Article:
India Rising (or part of it)

Last year October I made my first visit to India. I had heard a lot of stories and read numerous articles about the 'Rise of India' (Thomas Friedman probably topping the list in terms of optimism). So...I arrived with high expectations. After arriving in Delhi Airport, staying three days in Delhi and travelling two weeks through Rajasthan, I was becoming more and more fascinated and disappointed at the same time.Of course I hadn't expected India to have turned in to one big IT science park in just one or two decades (although some…Read more …

Legrain on immigrants

Tonight I attended a lecture (in the Sydney Ideas Series) from Philippe Legrain on his latest book: Immigrants: your country needs them. It was also the occasion of his Sydney book launch but luckily - in this open world - I ordered the book a month ago from the UK (and thereby avoided the high Australian book prices).   Legrain's lecture will be available on the University of Sydney podcasts site, but here's a short impression of both book and lecture. In short, Legrain's message is: Let them in! Because it's better for…Read more …

More Europeanisation

On the 24th of January, a so-called 'letter of formal notice' has been sent by the European Commission to the governments of Austria and Belgium. The letter concerns the 'Europeanisation by stealth' that I have addressed before here for the case of Austria and here for the case of Belgium. These governments thought they found a solution for the high influx of foreign students (respectively German and French) in some of their universities. European law - Article 12 of the EC Treaty - prohibits discrimination on the basis of nationality. In Austria, they…Read more …

Whose European Higher Education?

Last Month, the Dutch Central Planning Agency (CPB; international name: Netherlands Bureau for Economic Policy Analysis) published a report on the role of Europe in higher education: "Higher education: Time for coordination on a European level?" (in English). More specifically, they asked the question whether there are valid reasons for more European (as opposed to national) coordination of higher education. Their final conclusion is NO: there is little empirical data that supports a shift towards European coordination of higher education. The authors claim that neither economies of scale, nor the existence of external…Read more …

Globalisation & Higher Education in *****

I found a recent post in one of my favourite blogs (or is it an online magazine?) on the demands that globalisation makes on higher education systems around the world. After reading it I noticed how global this debate has become and how it is so similar in very different parts of the world. Here are some summarising sections of the article:The four challenges of globalization - the flight of talent, benchmarking to global standards, the possibility of education as a business opportunity, and the mismatch between supply and demand - have a…Read more …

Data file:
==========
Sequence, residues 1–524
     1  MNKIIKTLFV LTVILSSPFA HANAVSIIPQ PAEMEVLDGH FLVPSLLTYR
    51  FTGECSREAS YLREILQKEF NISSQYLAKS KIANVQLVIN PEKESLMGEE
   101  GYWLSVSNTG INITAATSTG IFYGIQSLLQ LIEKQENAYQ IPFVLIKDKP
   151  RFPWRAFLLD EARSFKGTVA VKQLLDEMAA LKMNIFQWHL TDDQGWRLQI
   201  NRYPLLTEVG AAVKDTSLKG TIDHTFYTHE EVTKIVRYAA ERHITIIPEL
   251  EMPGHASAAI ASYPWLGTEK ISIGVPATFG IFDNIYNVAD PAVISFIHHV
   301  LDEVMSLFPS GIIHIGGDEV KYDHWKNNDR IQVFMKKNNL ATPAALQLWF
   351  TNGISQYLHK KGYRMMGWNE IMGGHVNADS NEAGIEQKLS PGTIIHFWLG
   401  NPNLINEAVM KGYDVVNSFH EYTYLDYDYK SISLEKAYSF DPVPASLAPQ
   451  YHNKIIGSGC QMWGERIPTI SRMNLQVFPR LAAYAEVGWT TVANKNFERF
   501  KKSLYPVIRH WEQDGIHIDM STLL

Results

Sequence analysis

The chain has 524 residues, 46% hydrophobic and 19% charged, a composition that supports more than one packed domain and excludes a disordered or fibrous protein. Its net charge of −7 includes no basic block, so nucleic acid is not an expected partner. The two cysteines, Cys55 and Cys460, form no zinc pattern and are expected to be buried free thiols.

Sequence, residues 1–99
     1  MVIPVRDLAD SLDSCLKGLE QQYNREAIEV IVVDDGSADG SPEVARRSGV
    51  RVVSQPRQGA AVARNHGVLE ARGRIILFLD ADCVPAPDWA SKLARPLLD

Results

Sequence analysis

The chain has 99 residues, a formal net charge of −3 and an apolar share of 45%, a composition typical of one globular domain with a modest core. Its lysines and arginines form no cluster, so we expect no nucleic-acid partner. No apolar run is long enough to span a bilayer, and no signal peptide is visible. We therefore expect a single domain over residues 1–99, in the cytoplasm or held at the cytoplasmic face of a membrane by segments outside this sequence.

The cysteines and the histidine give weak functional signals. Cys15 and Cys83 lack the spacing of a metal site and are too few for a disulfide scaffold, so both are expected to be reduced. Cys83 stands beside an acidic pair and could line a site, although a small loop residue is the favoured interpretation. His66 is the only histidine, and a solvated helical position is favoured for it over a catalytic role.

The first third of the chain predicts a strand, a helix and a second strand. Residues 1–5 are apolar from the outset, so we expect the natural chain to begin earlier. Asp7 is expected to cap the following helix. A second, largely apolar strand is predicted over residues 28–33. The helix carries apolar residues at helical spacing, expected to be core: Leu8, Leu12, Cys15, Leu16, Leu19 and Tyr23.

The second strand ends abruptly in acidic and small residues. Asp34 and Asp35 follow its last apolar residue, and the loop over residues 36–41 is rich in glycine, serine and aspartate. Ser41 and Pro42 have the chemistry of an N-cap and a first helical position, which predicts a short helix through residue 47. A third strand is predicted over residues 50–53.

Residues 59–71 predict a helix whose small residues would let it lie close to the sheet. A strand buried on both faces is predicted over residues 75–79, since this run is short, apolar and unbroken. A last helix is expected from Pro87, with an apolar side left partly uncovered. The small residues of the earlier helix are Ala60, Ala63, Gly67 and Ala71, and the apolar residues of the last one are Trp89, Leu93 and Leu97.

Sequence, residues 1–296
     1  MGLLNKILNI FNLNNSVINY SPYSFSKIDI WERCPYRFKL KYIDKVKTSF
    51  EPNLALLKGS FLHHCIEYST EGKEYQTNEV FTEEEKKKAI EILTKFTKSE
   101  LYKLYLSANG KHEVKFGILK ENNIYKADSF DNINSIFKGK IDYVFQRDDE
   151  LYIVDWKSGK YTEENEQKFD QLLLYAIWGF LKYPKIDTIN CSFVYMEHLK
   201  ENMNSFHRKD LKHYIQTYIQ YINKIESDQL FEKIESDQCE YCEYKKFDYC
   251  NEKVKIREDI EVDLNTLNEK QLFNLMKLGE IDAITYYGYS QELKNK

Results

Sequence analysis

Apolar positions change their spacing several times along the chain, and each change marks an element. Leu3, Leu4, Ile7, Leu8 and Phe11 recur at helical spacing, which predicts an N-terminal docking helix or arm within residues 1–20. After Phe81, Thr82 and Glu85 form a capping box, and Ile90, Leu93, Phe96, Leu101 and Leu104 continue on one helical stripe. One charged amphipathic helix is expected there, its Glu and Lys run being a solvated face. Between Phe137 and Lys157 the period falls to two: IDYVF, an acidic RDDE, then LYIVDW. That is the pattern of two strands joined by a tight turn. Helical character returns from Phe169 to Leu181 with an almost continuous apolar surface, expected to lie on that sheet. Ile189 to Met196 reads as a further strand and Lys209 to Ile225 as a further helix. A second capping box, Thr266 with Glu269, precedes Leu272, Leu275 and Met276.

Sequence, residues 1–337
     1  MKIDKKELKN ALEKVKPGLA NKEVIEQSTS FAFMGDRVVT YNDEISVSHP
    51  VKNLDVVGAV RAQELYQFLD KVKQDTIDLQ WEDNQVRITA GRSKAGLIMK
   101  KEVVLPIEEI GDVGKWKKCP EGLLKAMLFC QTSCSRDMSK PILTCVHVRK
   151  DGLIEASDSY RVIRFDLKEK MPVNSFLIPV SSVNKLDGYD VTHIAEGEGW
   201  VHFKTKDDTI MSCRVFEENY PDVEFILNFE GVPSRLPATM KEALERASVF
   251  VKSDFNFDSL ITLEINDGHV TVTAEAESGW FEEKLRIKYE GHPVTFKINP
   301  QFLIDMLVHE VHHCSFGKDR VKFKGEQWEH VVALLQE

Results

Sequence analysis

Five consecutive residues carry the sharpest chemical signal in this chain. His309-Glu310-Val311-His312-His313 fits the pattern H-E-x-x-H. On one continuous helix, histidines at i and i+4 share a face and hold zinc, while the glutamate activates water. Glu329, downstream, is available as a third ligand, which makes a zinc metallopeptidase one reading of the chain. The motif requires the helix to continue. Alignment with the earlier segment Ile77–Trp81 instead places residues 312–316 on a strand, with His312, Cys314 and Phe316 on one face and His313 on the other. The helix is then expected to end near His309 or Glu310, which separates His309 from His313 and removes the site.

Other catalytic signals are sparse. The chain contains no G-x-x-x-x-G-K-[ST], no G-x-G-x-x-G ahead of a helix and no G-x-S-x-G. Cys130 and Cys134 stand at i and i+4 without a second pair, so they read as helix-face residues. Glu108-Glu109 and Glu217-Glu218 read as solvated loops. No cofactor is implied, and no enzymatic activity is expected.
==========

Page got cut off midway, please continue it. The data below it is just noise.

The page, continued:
Scarcity in China

A few interesting articles appeared recently on the availability of talent to support China's economic growth. Even though China has a vast pool of human resources, the Asia Times warns about China's impending talent shortage. Firms in the south now complain that they cannot recruit enough cheap factory and manual workers. The market is even tighter for skilled workers. As the economy grows and moves into higher-value-added work, the challenge of attracting and retaining staff is rising with the skill level, as demand outstrips supply.Only a few of China's vast number of university…Read more …

The Globally Integrated Enterprise

IBM's CEO Samuel J. Palmisano claims that the Multinational Corporation (MNC), one of the primary agents of globalisation, is taking on a new form: The Globally Integrated Enterprise. A post of the Dutch blog Sargasso pointed me to this article in this month's edition of Foreign Affairs (the article can also be downloaded from the IBM website).Although international trading enterprises were already in existence in the 17th and 18th century (e.g. the British or the Dutch East India Company), the first international corporations emerged in the mid-nineteenth century. These corporations were mainly based…Read more …

…and keep your tray table and seat in the full upright position

For my flight to the United States I took some news articles that might be of interest and on which I might post later on. Here's a list of what I thought might be worthwile:An article on the risks that Australian universities are taking by focusing so (too?) heavily on the international student market. Universities are risking their academic reputation by rushing into dubious offshore ventures and are leaving themselves financially exposed as the boom in overseas students tapers off. A report from NSW Auditor-General Bob Sendt finds universities have become too reliant…Read more …